On Wednesday, he got his wish. For now, anyway.
An Everett District Court judge set bail at $75,000 for the suspected identity thief.
Scott, 42, was arrested for investigation of stealing a car as well as other fraud-related allegations Tuesday.
The arrest came as welcome news to a Colorado man who has been a frequent victim of Scott over the past two decades.
During the summer of 1996, police in Riverside County, Calif., arrested Scott, who had documents with Matthew Frederic's name on them, including a statement from a fraudulent credit card.
Scott had worked at an auto dealership where Frederic bought a car. Scott stole personal information Frederic had provided to obtain financing, according to court papers.
In 1997, Scott was arrested by Riverside police -- this time for possessing methamphetamine and carrying a loaded weapon in public. He tried to pin the rap on Frederic, offering up the other man's name at booking. Scott's face and curly locks appear above Matthew Frederic's name and birthdate in the booking photo.
In 1998, Scott was sentenced to more than three years in prison.
More than 16 years later, police allege that Scott has been using Frederic's stolen identification again.
Around Christmas 2012, an application on Frederic's iPhone alerted him of a hit to his credit score. It said he had just bought $1,200 in electronics equipment from a store in Everett.
After that, there was a flurry of attempts to open lines of credit in his name.
Whoever was behind it had a convincing fake ID and did his homework. He could answer security questions, such as Frederic's wife's name, and list former addresses.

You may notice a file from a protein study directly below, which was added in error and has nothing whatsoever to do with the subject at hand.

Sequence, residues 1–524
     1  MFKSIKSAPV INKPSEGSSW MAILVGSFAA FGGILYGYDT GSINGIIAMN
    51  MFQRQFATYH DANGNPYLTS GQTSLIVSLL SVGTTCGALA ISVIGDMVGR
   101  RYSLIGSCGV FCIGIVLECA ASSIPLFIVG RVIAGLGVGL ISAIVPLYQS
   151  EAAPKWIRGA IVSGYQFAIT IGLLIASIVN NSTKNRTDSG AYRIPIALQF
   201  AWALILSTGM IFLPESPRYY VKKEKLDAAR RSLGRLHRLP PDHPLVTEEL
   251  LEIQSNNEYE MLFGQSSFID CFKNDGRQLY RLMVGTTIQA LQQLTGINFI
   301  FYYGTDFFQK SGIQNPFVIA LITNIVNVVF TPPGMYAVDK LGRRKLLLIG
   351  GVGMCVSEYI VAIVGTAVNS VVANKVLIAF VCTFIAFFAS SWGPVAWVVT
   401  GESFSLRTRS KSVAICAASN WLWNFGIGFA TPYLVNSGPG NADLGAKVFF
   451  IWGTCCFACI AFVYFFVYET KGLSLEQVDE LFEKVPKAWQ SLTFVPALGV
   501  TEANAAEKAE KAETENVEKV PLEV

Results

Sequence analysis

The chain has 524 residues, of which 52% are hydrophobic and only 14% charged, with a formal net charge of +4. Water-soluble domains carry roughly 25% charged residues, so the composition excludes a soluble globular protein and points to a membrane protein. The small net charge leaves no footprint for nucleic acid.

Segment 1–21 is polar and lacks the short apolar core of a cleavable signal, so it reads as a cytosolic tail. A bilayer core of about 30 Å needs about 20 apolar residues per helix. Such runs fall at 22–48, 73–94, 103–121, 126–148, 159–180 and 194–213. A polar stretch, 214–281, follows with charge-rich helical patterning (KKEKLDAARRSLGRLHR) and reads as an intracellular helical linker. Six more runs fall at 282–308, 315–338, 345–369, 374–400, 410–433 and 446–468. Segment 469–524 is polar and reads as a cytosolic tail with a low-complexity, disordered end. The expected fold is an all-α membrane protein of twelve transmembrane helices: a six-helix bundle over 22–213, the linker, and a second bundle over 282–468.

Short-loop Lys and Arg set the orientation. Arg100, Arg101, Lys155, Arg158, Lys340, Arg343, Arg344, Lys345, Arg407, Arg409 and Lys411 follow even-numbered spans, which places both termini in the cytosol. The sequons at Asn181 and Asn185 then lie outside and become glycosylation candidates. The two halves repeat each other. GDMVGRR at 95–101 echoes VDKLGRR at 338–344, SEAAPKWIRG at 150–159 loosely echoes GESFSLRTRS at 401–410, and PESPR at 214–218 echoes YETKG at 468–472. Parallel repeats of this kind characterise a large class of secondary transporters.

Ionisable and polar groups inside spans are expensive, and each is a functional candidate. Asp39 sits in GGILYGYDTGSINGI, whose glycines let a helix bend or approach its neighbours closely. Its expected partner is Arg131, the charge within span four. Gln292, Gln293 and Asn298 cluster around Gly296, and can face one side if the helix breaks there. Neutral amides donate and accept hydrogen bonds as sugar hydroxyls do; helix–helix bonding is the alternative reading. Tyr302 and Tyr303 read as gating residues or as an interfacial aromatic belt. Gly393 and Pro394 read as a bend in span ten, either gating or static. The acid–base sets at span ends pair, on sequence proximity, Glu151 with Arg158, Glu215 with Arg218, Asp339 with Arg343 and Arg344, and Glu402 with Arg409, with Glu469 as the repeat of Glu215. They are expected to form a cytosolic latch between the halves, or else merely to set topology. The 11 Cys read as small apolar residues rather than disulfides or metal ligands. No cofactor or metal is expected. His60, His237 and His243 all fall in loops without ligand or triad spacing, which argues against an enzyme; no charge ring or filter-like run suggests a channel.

Frederic has not been Scott's only victim over the decades.
In February 2007, Scott, then 37, was arrested at an Everett casino after passing bad checks. Police found him in possession of credit cards, identification and checks belonging to three people.
From the backseat of a patrol car, Scott told an Everett police officer that his name was Matthew Frederic.
The real Matthew Frederic said Wednesday he looks forward to meeting Scott some day, ideally in a Snohomish County courtroom.
"I'm ready to get on a plane any time to testify," he said.
When Scott was arrested Tuesday at a Denny's, police found him in possession of keys to a stolen car parked in the restaurant's lot.
Inside his wallet police found what appeared to be a temporary Washington driver's license issued to a man with a different name. The state Department of Licensing had no such record. The license's photo closely resembled Scott.
Police also found the license of the owner of the stolen vehicle and a stolen checkbook belonging to a different person.
Eric Stevick: 425-339-3446; firstname.lastname@example.org.
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